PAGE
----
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Paid Family Leave

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On occasion, illness of either a worker or their loved one can require them to be away from work. In the United States, a federal law known as the Family and Medical Leave Act (FMLA) entitles eligible employees to take unpaid, job-protected leave for specified family and medical reasons. Workers can take time off work to care for themselves or a loved one without fear of dismissal, retaliation, or discrimination by their employer.

Employees are eligible for unpaid leave if: 

  • You’ve worked for at least 12 months
  • You’ve worked at least 1,250 hours during those 12 months
      Your employer is:

    • A public agency, including government agencies
    • An elementary or secondary school
    • A private employer with at least 50 employees

If you are eligible, you are entitled to:

  • Up to 12 weeks of unpaid leave in a 12-month period for:
    • A serious personal health condition
    • To care for a spouse, parent, son, or daughter with a serious health
    • The birth, adoption, or fostering of a son or daughter

For most working families in the United States, however, using this federally-guaranteed unpaid leave is not economically feasible, particularly if illness of an individual or their loved one incurs high healthcare costs. As a result, paid family and medical leave has become a key workers’ rights issue across the nation. Workers need time to bond with new children, deal with personal illness, or care for an ill family member, but often struggle to piece together benefits that will allow them to take needed leave and remain afloat financially. Researchers Appelbaum and Milkman recently reported that paid family leave has little to no effect on business productivity or profitability and in fact saves the national healthcare system a great deal of money and has a positive effect on public health efforts. Evidence also shows that abuse of paid leave programs is minimal.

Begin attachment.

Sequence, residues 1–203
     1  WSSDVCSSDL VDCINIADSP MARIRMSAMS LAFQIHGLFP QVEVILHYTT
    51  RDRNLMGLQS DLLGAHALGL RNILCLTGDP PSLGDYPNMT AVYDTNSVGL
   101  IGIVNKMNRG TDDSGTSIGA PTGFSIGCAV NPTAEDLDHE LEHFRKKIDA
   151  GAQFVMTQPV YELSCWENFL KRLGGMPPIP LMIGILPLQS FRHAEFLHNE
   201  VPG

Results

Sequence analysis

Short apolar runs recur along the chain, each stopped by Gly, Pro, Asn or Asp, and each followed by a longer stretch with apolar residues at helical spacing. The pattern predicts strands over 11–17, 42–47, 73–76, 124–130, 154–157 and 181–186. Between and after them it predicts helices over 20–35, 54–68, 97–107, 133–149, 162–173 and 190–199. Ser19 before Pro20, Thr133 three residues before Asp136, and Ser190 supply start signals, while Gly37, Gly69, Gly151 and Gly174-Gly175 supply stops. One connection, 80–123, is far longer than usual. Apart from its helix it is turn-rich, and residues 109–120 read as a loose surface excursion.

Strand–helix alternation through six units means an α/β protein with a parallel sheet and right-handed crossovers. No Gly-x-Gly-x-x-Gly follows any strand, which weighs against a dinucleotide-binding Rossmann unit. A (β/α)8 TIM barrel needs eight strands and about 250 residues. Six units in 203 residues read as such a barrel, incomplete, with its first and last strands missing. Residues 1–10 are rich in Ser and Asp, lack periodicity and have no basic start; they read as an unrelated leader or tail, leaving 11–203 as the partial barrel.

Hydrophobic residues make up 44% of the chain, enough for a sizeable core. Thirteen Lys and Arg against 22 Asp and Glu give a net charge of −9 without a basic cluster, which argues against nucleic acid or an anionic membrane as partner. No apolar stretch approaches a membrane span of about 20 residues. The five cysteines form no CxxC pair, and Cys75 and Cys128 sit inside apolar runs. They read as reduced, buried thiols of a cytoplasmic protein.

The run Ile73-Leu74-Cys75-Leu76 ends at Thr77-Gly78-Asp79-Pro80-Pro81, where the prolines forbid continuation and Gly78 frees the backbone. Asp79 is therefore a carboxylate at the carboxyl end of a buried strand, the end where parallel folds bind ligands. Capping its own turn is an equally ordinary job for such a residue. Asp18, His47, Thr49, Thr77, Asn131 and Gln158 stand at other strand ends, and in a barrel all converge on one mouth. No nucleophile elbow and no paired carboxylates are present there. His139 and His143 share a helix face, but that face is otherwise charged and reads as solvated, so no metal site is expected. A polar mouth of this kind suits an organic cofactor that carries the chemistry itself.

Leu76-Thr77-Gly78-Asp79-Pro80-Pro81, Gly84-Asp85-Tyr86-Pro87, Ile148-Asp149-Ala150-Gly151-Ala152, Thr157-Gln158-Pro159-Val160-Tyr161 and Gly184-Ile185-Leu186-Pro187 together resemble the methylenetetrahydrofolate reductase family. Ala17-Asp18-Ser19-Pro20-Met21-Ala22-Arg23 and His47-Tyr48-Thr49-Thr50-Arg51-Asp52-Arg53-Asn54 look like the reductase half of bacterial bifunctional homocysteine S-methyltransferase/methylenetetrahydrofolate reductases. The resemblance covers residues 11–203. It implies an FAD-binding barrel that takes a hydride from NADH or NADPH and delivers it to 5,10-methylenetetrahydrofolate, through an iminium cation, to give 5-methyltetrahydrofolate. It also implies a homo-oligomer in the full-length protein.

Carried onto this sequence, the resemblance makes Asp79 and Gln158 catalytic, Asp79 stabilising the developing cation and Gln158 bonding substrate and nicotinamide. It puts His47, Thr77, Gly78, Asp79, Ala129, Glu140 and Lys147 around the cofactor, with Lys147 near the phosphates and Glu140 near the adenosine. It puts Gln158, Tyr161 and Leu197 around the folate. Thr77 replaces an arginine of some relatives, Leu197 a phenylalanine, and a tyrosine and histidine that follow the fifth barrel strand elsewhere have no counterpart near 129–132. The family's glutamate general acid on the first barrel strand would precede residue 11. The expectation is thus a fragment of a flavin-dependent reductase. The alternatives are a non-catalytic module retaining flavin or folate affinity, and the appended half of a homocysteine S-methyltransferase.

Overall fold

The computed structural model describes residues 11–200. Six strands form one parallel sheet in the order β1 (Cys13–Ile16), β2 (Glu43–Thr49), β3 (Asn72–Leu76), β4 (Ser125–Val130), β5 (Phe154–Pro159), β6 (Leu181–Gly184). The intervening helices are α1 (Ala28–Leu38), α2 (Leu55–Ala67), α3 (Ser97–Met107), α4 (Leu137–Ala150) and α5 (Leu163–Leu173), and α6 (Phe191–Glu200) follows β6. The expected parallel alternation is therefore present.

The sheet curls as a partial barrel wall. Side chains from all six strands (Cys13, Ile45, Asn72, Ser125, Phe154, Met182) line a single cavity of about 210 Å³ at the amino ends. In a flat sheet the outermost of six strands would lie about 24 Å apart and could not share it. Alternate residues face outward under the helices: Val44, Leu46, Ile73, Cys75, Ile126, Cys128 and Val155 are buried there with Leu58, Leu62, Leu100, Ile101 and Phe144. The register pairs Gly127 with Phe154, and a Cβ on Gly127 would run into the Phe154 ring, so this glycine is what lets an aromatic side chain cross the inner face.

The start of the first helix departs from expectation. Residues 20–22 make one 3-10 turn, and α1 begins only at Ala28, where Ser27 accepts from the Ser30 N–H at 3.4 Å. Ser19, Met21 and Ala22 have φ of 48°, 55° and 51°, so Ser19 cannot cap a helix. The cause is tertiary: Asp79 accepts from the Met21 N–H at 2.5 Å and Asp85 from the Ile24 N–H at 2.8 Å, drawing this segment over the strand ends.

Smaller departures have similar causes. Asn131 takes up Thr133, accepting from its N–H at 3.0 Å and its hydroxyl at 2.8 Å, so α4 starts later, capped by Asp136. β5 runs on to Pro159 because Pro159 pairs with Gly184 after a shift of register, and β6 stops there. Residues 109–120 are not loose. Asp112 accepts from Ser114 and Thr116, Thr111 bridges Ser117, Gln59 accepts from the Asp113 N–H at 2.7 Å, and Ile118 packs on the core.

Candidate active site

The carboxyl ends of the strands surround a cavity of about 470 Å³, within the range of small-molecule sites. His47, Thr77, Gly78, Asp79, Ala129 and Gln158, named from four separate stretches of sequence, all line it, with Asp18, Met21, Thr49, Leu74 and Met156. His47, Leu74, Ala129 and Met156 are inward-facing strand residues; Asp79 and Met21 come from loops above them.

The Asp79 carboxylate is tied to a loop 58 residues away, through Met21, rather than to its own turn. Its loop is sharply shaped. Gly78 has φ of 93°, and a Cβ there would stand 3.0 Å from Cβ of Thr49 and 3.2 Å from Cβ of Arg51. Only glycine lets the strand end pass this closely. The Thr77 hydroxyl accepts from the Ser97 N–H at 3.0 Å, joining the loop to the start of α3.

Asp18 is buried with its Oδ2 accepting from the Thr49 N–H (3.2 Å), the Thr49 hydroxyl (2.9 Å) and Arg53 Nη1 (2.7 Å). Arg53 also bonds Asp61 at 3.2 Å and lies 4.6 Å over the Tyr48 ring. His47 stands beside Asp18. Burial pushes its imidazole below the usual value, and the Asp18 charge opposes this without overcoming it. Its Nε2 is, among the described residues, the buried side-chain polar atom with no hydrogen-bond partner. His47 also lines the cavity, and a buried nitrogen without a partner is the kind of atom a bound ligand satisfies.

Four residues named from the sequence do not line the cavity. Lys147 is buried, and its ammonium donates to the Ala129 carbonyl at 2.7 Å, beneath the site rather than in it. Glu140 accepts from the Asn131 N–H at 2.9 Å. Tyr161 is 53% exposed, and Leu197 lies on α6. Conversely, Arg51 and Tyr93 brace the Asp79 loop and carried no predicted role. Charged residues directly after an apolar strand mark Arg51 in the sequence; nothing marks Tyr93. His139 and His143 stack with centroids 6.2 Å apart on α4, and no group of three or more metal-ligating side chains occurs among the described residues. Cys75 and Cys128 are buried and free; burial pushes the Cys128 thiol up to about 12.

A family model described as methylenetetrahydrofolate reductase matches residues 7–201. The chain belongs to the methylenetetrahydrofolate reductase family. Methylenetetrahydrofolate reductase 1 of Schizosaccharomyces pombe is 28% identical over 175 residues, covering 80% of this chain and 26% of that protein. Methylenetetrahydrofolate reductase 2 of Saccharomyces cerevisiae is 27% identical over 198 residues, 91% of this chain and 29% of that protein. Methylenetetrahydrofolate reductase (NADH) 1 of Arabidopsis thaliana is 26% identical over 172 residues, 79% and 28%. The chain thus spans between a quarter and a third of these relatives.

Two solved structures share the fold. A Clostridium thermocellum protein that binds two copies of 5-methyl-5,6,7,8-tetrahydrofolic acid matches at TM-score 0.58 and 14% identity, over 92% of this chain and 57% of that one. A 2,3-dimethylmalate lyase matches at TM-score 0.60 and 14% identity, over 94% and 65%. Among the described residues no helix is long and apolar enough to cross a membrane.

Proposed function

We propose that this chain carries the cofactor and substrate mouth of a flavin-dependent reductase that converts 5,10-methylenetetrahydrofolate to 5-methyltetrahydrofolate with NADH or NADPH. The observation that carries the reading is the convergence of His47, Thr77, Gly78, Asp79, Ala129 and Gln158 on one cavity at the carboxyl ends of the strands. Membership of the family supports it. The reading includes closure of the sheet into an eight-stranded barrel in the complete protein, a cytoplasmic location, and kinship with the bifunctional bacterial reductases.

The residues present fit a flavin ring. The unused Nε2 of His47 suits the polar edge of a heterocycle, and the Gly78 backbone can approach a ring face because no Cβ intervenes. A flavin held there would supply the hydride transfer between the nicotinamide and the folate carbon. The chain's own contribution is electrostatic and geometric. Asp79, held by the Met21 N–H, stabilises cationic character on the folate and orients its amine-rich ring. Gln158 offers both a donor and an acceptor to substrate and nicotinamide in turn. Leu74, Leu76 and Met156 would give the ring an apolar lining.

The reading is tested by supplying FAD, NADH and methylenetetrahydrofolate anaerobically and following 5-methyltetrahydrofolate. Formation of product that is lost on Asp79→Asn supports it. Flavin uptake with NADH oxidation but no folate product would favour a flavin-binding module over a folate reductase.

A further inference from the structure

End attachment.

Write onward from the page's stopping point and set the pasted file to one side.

Paid Leave & Hispanics

 

Paid family leave would benefit all workers, with potentially a greater positive effect on Hispanic workers and their families because:

  • Hispanics are a growing segment of the U.S. population and an even faster-growing segment of the workforce
  • Latino workers are often in low-level jobs that do not offer paid leave benefits
  • About 44% of Hispanic older adults aged 70 years or more receive informal home caregiving – compared to about 34% of African Americans and 25% of non-Hispanic whites (American Psychological Association)

In light of the growing number of intergenerational households and caregivers across diverse communities, NHCOA is working to ensure paid family leave is a priority at the local and national level. NHCOA’s paid family leave initiative informs diverse workers and families of existing state laws that provide paid leave, as well as empower diverse communities in states where these laws don’t exist or have yet to be enacted.

 

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CALIFORNIA

  1. Paid Family Leave (PFL)
  2. Permiso Familiar Pagado (PFP)
  3. Permiso Familiar Pagado CFRA
  4. Permiso Familiar Pagado de Hoteles LA
  5. Permiso Familiar Pagado FMLA
  6. Permiso Familiar Pagado PFL
  7. Familias Saludables

WASHINGTON, DC

NEW JERSEY

NEW YORK 

RHODE ISLAND 

TEXAS

Cuéntanos Tu Historia

The Cuéntanos Tu Historia campaign was designed to highlight diverse populations and their perspectives on paid leave issues. The ability to take time off work to care for one’s health or the health of a loved one is an issue that affects all working people. With Cuéntanos Tu Historia, NHCOA highlights the experiences of diverse groups to show that everyone has a stake ensuring that everyone has access to paid sick and family leave policies.

Photo Story Collection in collaboration with the Southeast Asia Resource Action Center (SEARAC):

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Video Story Playlist in collaboration with NHCOA Hispanic Aging Network members in New Jersey:

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Telling stories is one of the best education tools we have. We would be honored to share yours as we work to educate and empower our community on the issues that most matter.

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